Coming from the DSG on the Jetta, I found the gearbox on the Merc to take a while to downshift & get going.
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Dad and I test drove the C200 last week as a potential replacement to our MY15 Jetta DSG.
Here are my observations based on a long-ish drive in the C200.
- Looks classy. Mercedes has knocked it out of the park with this generation’s design. It looks better proportioned compared to the last generation.
- I feel the car looks best in the Cavansite Blue shade.
- The slim tail lamps are easily my favourite part of the exterior.
- Mercedes could’ve done better with the alloy design- it’s not the best choice for this car.
- Dad echoed the observation from the official review about the lower section of the front bumper- he felt that this was the worst part of the car’s design and to quote him – “such a cheap-looking design does not belong on a car like this”. It didn’t really bother me though.
- The cushioning on the seats is very good, the ones on the front especially are excellent.
- The indicator stalks were too thin for my liking.
- The horn pad is hard to reach and it requires quite a lot of effort to press it.
- The pedal area was way too cramped. The absence of a dead pedal only made matters worse.
- The amount of space on the back seat really surprised me. It had quite a lot of legroom left even after the passenger (probably 5’10”) adjusted the seat to its height – and that’s saying something when it comes from someone who’s 6’2”. Definitely a big step up from the last generation in which I hurt my head, back and my knee while egressing from the car.
- Dad felt that the A-Pillar and ORVM were blocking his view of the outside. Again, this didn’t bother me.
- The boot space was smaller than expected. The Jetta’s boot is much bigger.
- I initially hated the idea of having an iPad-like screen for the infotainment HU, but then I was pleasantly surprised when I had a look at it in person- it wasn’t half bad. For those who feel the same way I did about the screen, do check it out in person. Using it is still a major distraction while driving, though- especially the controls for the aircon.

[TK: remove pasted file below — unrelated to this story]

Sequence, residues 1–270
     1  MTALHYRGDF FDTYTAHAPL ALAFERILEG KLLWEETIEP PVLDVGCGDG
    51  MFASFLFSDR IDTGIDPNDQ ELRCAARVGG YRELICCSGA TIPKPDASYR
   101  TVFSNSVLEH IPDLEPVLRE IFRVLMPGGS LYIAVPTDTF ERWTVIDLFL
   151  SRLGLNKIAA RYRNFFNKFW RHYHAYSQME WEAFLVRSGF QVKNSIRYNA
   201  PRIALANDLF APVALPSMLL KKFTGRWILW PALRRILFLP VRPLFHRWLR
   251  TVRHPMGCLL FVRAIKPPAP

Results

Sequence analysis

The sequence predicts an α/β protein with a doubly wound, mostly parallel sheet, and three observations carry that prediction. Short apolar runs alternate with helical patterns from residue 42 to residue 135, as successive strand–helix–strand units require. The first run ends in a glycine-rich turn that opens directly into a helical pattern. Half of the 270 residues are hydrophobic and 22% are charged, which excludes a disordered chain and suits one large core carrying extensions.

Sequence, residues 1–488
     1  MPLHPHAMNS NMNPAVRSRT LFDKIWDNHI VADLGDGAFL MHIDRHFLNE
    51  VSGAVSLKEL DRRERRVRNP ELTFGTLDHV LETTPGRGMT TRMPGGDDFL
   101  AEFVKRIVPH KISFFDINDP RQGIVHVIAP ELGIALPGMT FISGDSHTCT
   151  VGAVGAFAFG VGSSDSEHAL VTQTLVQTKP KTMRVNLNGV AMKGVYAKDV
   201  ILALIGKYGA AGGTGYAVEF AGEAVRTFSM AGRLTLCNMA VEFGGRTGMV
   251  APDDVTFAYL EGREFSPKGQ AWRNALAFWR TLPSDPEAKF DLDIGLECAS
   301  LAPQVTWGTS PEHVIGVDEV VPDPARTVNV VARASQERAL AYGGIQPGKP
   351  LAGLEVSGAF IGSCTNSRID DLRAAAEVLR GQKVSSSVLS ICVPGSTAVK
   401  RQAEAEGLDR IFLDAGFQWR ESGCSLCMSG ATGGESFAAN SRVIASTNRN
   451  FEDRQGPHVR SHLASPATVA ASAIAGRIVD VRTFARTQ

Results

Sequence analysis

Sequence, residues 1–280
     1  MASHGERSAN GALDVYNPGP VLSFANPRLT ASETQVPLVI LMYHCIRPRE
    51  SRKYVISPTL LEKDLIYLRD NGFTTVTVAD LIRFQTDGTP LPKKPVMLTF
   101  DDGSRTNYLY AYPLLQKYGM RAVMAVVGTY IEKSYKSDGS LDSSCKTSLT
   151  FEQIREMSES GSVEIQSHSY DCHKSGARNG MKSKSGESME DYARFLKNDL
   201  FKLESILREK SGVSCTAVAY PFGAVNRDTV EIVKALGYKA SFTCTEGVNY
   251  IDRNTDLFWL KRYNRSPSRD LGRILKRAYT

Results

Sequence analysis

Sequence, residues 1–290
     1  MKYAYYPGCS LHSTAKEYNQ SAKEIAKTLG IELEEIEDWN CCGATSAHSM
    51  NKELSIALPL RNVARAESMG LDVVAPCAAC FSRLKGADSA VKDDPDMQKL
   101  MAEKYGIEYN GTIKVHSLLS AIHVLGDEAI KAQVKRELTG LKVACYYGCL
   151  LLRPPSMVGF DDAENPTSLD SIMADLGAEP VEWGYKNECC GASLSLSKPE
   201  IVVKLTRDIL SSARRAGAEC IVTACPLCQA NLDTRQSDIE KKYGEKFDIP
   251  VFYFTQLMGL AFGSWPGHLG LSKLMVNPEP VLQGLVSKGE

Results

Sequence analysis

- The infotainment cluster looked cluttered with information- took me a while to wrap my head around it.
- The touch controls on the steering were alright. I was able to navigate through the infotainment screen fairly intuitively and I was warming up to it with time.
- Not a fan of the other controls which are touch-based- the seat and sunroof controls, for example. I would have much preferred tactile buttons.
- One feature that I liked most is the auto seat adjust which gave me a near-perfect seating position. The feature is a boon for those who absolutely need to have the perfect seating position.
- The Burmester sound system was underwhelming, to say the least. Not something I expected to see in a car that costs this much.
- The ride quality is top-notch. The car simply glides over the roads.
- The high-speed stability that the chassis provides is commendable.
- The turning radius felt lower than the Jetta’s. Taking U-turns was effortless.
- Steering is light at low speeds but it doesn’t weigh up very well with the speed. It didn’t feel confidence-inspiring somehow.
- Engine refinement at lower rpms is excellent. Gets a bit boomy post 3.5k, which I don’t really mind.
- The engine has more grunt than expected for a 1.5L unit, but it is best suited for sedate drivers for use in the city and the occasional drive on the highways.
- The engine-transmission combo is definitely tuned for comfort, and it shows. Overtakes require a bit more planning than usual.
- The gear shifts are seamless. Coming from the DSG on the Jetta, the gearbox takes a while to shift down the cogs and get going, but once it does, it picks up speed fairly quickly.
- I felt that the ISG didn’t contribute much to acceleration during low speeds and I was able to notice some lag.
The sole reason why we even considered the C in the first place is the Mercedes brand. Dad’s been a big fan of the W205 generation and we thought we’ll bite the bullet this time around.
Why the C200, you ask? We really don’t want to buy another diesel, especially when manufacturers are moving to petrols in a big way. Secondly, as much as Jetta’s diesel engine clatter is masked incredibly well inside the cabin, I prefer the refinement of petrol engines. Besides, the Jetta’s clocked only 10k kms in the last two years – our requirements don’t mandate a diesel.
Long story short, I don’t think the C200 is for us. Especially not at that price point when it barely feels like an upgrade to the Jetta, and in some ways, it’s a downgrade. If this test drive experience has taught me anything, it’s that I don’t appreciate the Jetta enough for what it offers. Looks like we’ll be holding on to it a bit longer than I anticipated.
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